Lily sent this picture today with the text, "She says, 'Look! I am holding her hand!'"
Sweet little Pepper and beautiful Maggie. I teared up when I got the photo. How I yearn to hug that little sturdy body of hers, so much like her mother's was when she was a child. It's hard. That part is so hard.
I talked to Jessie on the phone today and August wanted to say hello. We chatted for a few moments about what he was doing (eating a lollypop) and Levon chimed in to say that he, too, was eating a lollypop. Then I told August what Boppie and I had eaten for dessert last night which was vanilla ice-cream with chocolate sauce and M&M's!
There was a slight pause and then August said, "When I come stay with you again will you make that for me?"
"Yes!" I told him. "I will!"
And then, again, I could hear Levon.
"When I come stay with you will you make that for me?"
"Yes, Levon! I will make it for you, too!"
And I will. I most certainly will. But I told them, "Don't tell your mother!" And then Jessie and I laughed because she could hear us.
"Just kidding," I said to the boys. "She already knows."
It's been another incredibly beautiful day. Not one cloud, quite cool, and as clear as a cat's conscience.
Speaking of which- after I gave in and fed Jack out of Maurice's bowl yesterday he deemed me to be fit to sleep with again.
"You have done my bidding and have pleased me, human. I shall grace you with my glorious presence."
And I appreciated it.
I took a good walk today, four and a half miles. I saw the kid that walks here a lot. In fact, I think that most of his life may be spent walking and listening to his phone. I think that he has, well, differences. And possibly troubles. I waved at him and said "Good morning" and he made a movement with his hand which may have been a wave. He is very, very guarded and he never verbally replies to me. I go across the road for our safety when we cross paths and let him have the sidewalk. Once, when Jessie was here he came up to my door and knocked on it and gave me a very weak story about how his church youth group was trying to raise money to travel somewhere.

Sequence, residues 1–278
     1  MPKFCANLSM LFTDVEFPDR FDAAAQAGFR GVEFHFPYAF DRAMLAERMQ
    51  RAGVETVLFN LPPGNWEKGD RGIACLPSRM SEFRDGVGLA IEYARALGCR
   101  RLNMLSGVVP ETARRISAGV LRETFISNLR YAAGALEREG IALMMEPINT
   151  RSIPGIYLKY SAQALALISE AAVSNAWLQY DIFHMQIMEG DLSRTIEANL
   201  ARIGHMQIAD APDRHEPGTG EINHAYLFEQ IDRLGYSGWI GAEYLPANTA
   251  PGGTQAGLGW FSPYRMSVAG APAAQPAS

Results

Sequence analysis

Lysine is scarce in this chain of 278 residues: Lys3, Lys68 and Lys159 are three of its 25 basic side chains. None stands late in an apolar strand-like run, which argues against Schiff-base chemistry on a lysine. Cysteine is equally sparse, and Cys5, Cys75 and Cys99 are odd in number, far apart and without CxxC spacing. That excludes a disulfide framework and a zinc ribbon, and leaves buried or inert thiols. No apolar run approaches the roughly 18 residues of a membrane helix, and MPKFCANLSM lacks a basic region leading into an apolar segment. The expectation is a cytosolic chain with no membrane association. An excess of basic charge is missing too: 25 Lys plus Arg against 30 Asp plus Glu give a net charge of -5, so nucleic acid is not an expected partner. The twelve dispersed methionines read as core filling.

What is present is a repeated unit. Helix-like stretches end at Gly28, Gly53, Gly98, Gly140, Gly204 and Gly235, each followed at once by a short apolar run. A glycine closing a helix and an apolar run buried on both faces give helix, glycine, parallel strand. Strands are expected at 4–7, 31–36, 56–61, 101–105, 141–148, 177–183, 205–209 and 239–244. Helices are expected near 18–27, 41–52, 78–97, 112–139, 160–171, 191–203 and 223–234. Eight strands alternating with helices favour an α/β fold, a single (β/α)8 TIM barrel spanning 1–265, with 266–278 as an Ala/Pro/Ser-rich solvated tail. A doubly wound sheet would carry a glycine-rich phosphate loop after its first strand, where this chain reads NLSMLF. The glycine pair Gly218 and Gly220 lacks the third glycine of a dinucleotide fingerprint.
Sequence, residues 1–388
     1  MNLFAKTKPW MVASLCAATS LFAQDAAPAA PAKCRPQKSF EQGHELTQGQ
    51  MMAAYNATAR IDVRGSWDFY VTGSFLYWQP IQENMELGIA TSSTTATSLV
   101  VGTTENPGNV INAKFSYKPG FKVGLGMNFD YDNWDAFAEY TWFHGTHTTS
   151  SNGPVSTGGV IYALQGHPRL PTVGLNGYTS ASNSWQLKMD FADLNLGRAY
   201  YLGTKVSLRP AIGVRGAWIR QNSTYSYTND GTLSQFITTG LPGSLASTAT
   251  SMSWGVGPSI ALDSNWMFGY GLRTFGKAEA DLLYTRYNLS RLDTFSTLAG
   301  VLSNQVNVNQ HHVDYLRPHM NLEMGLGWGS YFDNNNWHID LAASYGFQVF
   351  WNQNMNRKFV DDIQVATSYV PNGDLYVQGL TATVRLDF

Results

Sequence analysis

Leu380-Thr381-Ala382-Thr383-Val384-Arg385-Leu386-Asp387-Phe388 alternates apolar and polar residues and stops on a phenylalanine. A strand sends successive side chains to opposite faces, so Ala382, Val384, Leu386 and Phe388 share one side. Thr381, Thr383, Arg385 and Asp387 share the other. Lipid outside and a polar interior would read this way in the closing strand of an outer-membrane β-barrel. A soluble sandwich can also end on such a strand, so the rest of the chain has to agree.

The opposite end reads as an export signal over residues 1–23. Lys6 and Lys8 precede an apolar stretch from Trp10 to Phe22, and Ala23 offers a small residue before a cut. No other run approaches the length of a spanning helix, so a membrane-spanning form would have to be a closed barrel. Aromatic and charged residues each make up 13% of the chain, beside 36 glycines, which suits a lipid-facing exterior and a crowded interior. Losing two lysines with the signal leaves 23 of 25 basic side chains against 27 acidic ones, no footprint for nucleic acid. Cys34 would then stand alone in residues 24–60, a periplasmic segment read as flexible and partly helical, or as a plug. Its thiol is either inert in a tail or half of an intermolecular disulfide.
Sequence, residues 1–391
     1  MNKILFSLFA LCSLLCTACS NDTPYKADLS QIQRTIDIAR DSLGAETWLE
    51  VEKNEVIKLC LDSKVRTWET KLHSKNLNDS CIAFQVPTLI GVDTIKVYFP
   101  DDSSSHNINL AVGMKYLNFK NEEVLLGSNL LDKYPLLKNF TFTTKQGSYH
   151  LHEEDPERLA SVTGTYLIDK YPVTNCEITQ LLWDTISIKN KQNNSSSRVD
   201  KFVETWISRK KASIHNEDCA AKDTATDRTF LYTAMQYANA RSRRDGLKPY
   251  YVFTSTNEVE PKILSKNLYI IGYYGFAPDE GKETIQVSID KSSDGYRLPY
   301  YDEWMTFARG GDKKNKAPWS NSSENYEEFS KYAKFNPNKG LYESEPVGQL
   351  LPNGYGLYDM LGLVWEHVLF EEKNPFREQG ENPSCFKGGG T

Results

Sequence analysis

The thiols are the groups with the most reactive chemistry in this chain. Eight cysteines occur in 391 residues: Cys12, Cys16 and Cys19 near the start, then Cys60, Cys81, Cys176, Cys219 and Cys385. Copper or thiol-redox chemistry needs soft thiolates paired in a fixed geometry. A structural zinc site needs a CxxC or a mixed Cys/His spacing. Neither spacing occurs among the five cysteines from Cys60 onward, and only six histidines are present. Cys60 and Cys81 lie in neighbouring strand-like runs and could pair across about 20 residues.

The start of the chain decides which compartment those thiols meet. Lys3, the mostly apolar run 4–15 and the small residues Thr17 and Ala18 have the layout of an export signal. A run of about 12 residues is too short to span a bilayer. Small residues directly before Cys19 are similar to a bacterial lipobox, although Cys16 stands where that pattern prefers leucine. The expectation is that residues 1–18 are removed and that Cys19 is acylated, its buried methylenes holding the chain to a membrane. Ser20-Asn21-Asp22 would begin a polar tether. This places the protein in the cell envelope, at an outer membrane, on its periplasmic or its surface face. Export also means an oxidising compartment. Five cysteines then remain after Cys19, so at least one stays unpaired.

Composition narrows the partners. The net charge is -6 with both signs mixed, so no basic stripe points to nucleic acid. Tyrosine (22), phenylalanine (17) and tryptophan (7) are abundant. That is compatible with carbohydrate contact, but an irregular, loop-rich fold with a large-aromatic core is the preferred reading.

I don't remember if I gave him any money or not. But I am quite sure that his church youth group wasn't going anywhere.
I feel so sorry for him. He looks so alone.
No Man Lord has replaced his "Blood and Water" sign with one that gets right to the point.
"Christ," it says in red spray-painted letters. I see the old signs propped up behind the camper he lives in.
I tried reengineering my mask pattern this afternoon. I wanted to put pleats in the mask with the more shaped face.
I just didn't get it right. Perhaps I'll rip out the pleating part and try it again tomorrow. I got frustrated. But still, I did enjoy sitting at my sewing machine, listening to an audio book. Not "Guns, Germs, and Steel" but a different book. "An Almond For a Parrot" by Wray Delaney.
I've never read a book quite like this one. It seems to combine magical realism with erotica and quite frankly, it is holding my attention far better than the more scholarly one did.
One of the small but important joys of my life these days is tending to all of the plants I am trying to root. It's probably a green substitute for being able to love on my grandchildren but there is something so very, very satisfying about helping nature make more of itself.
I have a little table in the laundry room where I have three babies going.
The one at the top left is a knot of a species of philodendron that I want to perpetuate. The one to the right of that is one of my giant begonias and the one in front is a leaf from a plant that Kathleen gave me that I do not know the name of and which I cannot seem to identify. The mother plant has grown crazy big in one smallish pot and if it roots I can give this to one of the kids. I actually have no clue as to how it propagates and have another leaf stuck in water which is living in a window off the kitchen with a few other things.
A little Swedish Ivy that Jessie gave me, the mystery leaf, another giant begonia, my miniature sweet potato plant, a jade and some of a different philodendron that I have growing everywhere. That stuff will grow in water for years.
Can you see the little horse that I found in the yard and keep up there too?
This is a time of the little things for sure. Little plants, little chickens, the little miracle joy of finding eggs every day, little hugs and little kisses with the person I am quarantined with. Little chats with a grandchild on the phone. The tiny hummingbirds that sip from their nectar feeder all day long. It's also a time of appreciation of the truly big things. The planet that we live on and how much more than ever I am noticing the beauty of it although I thought I already did. I see more of it, I smell more of it, I think more about it which is odd in that I am spending almost all of my time on this one little part of it.